Did the University of Colorado Buffaloes meet expectations in Saturday’s 45-28 loss to the No. 4 Michigan Wolverines in Ann Arbor? Or did CU leave more to be desired? The CUI’s Justin Guerriero and Jake Mauff debate in this week’s edition of Coin Toss.
Justin Guerriero: Okay, I really don’t want to come off as unreasonable and insane here. I know that the unranked Buffs went on the road to Michigan and, for a chunk of the game, gave the Wolverines a run for their money. The first quarter was explosive. Having been at the game, I can tell you that when the Buffs went up 21-7 at the end of the first quarter, you could hear a pin drop in that stadium. There were 110,000-plus Michigan fans just fuming.
But I wasn’t satisfied. At the end of the day, all this game showed me was a continuation of a miserable trend this football team has been handcuffed to in recent years: a failure to close out would-be winnable football games. Look at the other three quarters of play: The Buffaloes managed a meager lone touchdown in the third quarter. That’s it. Once again, the team started off very hot and by the end of the game, all chemistry and effective gameplay was nonexistent.
Bad play-calling, unfortunate injuries, offensive inefficiency and the wearing down of the Buffs’ defensive 11 are all additional trends that have plagued head coach Mike MacIntyre’s team since he took over the program before the 2013 season. CU made these trends apparent in the loss at Michigan.
Jake Mauff: How many teams can say that they went into the Big House, against a No. 4-ranked team, and made them sweat for way too long? There aren’t many to begin with, let alone unranked squads.
The game didn’t end out the way we all wanted, but there was very little chance of this matchup going the Buffs’ way, in any sense of the word. Vegas odds had Colorado as the 20-point underdog going into the game. This matchup was about learning big lessons, especially about hostile crowds, and the team will be battle-tested for the rest of the season.
Special teams is another topic in and of itself, but if the team hadn’t made those two costly punting errors, this game really could have gone Colorado’s way. They’ll learn from that mistake and will learn to play better team football now that second stringers have seen time against one of the toughest teams out there.
JG: I’ve watched too many games that the Buffs shoulda, coulda and woulda won.
Colorado’s football program is on the verge of returning to relevance, but every time it suffers a loss like this, it feels like we’re going back in time —2014 and 2015. It is beyond time that this football team proves that it is ready to be taken seriously. Losing senior quarterback Sefo Liufau to an ankle sprain shortly after halftime certainly didn’t help the cause. I understand that. There’s nothing anyone could have done about that. Well, I guess the offensive line could have done something about that by protecting Liufau more efficiently, but that’s none of my business.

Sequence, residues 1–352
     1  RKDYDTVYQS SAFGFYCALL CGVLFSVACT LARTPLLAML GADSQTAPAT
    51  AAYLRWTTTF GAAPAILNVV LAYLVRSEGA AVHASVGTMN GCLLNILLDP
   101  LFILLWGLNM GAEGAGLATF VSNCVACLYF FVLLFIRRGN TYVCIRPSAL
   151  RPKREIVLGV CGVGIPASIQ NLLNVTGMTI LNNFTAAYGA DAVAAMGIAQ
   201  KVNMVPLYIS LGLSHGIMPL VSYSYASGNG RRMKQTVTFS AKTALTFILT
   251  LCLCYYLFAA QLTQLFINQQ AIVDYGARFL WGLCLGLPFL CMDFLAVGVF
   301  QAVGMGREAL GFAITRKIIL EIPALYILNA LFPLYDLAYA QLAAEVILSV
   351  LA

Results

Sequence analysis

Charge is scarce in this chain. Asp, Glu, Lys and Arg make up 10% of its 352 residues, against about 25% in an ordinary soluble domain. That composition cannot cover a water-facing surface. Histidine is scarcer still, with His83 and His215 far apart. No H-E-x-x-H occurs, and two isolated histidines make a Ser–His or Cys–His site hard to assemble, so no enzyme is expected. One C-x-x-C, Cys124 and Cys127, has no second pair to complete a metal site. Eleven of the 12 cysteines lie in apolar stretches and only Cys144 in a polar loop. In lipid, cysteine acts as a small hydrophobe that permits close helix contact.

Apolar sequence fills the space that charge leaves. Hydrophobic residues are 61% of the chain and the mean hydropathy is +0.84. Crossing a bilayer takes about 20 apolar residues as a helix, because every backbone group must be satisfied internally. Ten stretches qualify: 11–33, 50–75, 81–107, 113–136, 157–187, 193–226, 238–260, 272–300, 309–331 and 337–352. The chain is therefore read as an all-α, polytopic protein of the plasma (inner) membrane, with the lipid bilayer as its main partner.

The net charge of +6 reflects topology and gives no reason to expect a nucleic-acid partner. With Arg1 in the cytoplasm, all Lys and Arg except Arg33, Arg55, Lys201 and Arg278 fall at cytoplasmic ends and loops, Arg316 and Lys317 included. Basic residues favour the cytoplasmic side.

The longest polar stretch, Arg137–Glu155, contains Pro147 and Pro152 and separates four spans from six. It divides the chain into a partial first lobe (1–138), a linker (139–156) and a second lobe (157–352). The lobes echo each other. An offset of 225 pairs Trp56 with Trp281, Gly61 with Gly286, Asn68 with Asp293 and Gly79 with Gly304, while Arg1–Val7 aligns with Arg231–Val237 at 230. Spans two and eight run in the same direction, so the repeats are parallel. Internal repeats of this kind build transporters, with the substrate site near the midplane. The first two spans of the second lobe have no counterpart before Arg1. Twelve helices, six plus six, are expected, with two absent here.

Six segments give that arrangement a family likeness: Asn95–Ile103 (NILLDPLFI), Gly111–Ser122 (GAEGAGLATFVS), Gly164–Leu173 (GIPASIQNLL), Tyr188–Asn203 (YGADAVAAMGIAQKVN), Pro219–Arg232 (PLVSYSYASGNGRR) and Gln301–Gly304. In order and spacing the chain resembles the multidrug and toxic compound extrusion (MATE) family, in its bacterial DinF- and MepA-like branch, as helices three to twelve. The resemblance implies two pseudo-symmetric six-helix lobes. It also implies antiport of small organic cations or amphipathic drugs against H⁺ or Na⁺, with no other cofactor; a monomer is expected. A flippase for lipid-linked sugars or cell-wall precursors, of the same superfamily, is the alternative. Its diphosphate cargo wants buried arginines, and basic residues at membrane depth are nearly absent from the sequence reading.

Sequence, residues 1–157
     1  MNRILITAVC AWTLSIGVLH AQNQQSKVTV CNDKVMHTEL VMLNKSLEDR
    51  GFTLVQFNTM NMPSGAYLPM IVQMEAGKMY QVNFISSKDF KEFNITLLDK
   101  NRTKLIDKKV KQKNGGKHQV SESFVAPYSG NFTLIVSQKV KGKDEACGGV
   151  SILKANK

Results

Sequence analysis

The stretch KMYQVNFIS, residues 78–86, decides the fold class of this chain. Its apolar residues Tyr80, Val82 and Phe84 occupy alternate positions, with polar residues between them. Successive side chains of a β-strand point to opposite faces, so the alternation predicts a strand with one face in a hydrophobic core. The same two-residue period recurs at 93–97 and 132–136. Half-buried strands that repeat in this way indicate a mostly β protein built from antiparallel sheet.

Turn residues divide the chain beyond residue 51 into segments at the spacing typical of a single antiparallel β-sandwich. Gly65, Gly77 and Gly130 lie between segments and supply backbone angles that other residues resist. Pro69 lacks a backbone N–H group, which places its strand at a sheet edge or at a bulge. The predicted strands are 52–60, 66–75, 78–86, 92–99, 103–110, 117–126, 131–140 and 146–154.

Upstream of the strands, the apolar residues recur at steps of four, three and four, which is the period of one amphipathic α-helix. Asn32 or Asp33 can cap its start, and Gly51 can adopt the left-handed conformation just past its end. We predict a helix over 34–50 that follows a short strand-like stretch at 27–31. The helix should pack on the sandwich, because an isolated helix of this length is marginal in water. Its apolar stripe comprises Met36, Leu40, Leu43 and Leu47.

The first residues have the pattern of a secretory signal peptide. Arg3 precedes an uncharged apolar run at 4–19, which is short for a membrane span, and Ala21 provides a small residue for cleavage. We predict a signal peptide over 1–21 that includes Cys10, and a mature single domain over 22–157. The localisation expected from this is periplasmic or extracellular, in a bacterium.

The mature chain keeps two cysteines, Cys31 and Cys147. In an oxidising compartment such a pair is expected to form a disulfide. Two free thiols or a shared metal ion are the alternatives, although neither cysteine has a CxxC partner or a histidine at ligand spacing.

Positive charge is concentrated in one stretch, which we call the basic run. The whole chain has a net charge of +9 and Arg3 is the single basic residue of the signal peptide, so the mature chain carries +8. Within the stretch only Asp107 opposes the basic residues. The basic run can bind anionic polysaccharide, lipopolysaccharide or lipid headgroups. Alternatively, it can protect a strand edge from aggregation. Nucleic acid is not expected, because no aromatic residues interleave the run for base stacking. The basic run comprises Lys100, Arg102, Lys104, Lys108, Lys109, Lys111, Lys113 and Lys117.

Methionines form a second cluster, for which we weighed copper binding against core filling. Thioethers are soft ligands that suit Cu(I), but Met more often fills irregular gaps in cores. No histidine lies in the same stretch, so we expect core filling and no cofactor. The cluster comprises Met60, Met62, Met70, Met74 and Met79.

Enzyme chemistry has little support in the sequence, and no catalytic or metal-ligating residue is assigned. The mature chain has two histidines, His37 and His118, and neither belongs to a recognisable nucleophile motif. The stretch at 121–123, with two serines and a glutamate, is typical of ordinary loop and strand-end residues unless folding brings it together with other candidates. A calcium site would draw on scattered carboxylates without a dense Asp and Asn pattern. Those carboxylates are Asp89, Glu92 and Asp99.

The nightmare just never ends. This team continuously finds new and more infuriating ways to lose football games. I guess I can’t complain about senior place kicker Diego Gonzalez shanking a chip shot field goal, due to his unfortunate season-ending Achilles tendon tear that he suffered during the game.
But had he not went down with that injury, I’d be expressing extreme frustration and concern about that. I know the Buffs lost by 17, but really? Missing an easy field goal? And missing it badly? Not a good look for a team that needs every possible advantage it can get in order to win games.
The worst part of this loss was the players’ reactions. These guys know damn well that they should be winning more games. The players wanted that win in Ann Arbor. Can you imagine the shockwaves that it would have sent throughout the college football universe? The Buffaloes likely would have been ranked had they beaten Michigan. Sophomore linebacker Rick Gamboa did not attempt to hide his frustration with the special teams unit after the game. While talking about the loss, he said that he definitely noticed a momentum change in the game, and that “[it] came off of special teams. Everybody knows that.”
So, I’m sorry, Jake. I’ve done my waiting and I am out of patience. This team needs to start winning games.
JM: So far this season, this team has won games. It’s won games in a way that it hasn’t in a long time. Very few teams are going to beat Michigan this year. This matchup isn’t the best one to expect a victory from.
This felt like a game from last season for three quarters. After that explosion of a first period, Michigan outpaced the Buffs 38-7. Football is an endurance sport, and nothing drives home that lesson more than a game like this. There is room for improvement. But the mentality this team has this year is different from in years past. They will learn their lesson.
Michigan was also a statement game. The 850 KOA broadcast said, and I’m paraphrasing here, “Colorado is leading 21-7 and having a nation of people turn their heads as the score scrolls by.” Teams are going to know not to sleep on the Buffs.
The defense got to Michigan quarterback Wilton Speight and made him look bad. When clicking, CU’s offense can do whatever they want on any defense. Our punt return is improving slowly but surely. Special teams is the only weakness this team showed in Ann Arbor. I know that’s important, but, for the most part, special teams errors can be fixed. This team will come out hungry next week, wanting to avenge a tough game. Even without Liufau, next week should be a fun game to watch. Michigan was a tough obstacle, but the team will be better for having faced it head-to-head.
Contact CU Independent Head Sports Editor Justin Guerriero at firstname.lastname@example.org and follow him on Twitter @TheHungry_Hippo.
Contact CU Independent Copy Editor and Sports Staff Writer Jake Mauff at email@example.com